The Shots You Don’t Take

Wayne Gretzky said, “You miss 100 percent of the shots you don’t take.”

I’m not saying he’s some kind of brilliant statistician or anything, but the guy knows what he’s talking about. He took a lot of shots in his career, and I’m sure he missed one or two along the way. That’s comforting to me.

Missing a well-aimed shot can feel tragic. I imagine the Itatlian-league soccer player who’s been running for an hour, wet with sweat, driving the ball just wide of the goal. Arms up overhead, he looks to the sky, and over the “Ohhh!” of the crowd, you can almost hear him scream in frustration.

Or the concession speech of a political figure who’s invested years and millions into a path that turned into a dead end. “I so wish—I so wish that I had been able to fulfill your hopes to lead the country in a different direction,” Romney recently said. “But the nation chose another leader.”

This week, I’ve been in Boston, Massachusetts taking a shot.  Trying my best. Throwing my resources and my energy into one major push to try and do something I’ve never done before. I haven’t told many people about it, because unlike that soccer player or that Presidential candidate, I have the distinct ability to do much of my work outside of the public eye.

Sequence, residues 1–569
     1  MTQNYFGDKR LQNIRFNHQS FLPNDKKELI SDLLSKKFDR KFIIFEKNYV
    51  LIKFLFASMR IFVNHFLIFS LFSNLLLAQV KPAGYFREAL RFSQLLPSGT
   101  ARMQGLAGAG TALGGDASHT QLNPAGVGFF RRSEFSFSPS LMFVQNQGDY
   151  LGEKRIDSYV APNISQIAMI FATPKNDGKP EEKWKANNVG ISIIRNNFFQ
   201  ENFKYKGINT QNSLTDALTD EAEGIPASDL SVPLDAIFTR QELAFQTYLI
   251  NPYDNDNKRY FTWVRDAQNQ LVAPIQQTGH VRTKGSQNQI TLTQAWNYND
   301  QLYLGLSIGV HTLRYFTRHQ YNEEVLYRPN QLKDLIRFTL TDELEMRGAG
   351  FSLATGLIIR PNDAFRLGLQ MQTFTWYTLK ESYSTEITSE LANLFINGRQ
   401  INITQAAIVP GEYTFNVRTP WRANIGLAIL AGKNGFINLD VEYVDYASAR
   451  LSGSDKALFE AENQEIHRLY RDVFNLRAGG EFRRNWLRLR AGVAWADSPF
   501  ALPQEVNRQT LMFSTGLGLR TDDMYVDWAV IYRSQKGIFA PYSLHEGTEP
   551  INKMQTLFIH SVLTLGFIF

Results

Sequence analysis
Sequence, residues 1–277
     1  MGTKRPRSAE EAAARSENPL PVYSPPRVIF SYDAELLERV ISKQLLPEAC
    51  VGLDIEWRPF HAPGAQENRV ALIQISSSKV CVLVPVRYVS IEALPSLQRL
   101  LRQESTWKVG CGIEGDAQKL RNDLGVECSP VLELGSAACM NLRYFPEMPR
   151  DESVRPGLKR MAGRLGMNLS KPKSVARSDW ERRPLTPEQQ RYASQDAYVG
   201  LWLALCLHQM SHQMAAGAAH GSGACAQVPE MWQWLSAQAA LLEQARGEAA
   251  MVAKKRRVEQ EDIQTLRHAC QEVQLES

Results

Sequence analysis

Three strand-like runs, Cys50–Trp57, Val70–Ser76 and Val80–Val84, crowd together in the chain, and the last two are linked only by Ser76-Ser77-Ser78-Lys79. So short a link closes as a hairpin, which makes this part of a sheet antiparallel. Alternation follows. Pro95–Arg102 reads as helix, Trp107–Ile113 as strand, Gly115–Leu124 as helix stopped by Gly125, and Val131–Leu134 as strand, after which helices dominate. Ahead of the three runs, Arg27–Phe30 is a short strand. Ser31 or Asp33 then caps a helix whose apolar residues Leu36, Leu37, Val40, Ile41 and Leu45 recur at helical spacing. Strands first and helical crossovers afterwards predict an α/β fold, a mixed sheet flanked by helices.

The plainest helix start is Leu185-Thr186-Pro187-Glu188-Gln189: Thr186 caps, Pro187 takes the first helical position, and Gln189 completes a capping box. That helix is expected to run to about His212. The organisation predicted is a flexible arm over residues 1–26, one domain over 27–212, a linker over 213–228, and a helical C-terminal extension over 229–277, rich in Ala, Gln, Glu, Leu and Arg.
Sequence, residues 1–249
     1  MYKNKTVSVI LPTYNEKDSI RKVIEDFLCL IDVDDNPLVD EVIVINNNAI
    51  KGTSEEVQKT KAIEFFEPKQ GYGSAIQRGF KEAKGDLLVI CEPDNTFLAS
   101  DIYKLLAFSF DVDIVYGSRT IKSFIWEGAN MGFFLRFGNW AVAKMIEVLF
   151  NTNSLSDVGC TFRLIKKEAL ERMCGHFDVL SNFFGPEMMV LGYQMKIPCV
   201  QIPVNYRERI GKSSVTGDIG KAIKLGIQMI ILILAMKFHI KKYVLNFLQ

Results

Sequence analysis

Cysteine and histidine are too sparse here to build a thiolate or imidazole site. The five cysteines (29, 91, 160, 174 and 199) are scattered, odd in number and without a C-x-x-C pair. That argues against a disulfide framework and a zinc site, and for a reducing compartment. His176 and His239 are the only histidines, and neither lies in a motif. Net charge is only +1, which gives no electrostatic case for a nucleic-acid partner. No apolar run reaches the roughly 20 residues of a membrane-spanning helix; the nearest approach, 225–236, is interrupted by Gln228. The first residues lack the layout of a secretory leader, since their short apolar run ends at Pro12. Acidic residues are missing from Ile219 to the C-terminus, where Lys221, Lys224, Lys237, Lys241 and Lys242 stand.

But it doesn’t make that moment any less scary.  That moment where the ball is mid air, the breath of the crowd is held, and the announcers pause in anticipation of glory.  That moment where the ballots are in, the numbers are changing, and your future rests in the balance.  That moment where you’ve written your heart out and are waiting for a reply.

But if I miss, I miss. If I lose, I lose. And I’ll keep running. Because that’s just playing the game. It’s how you live.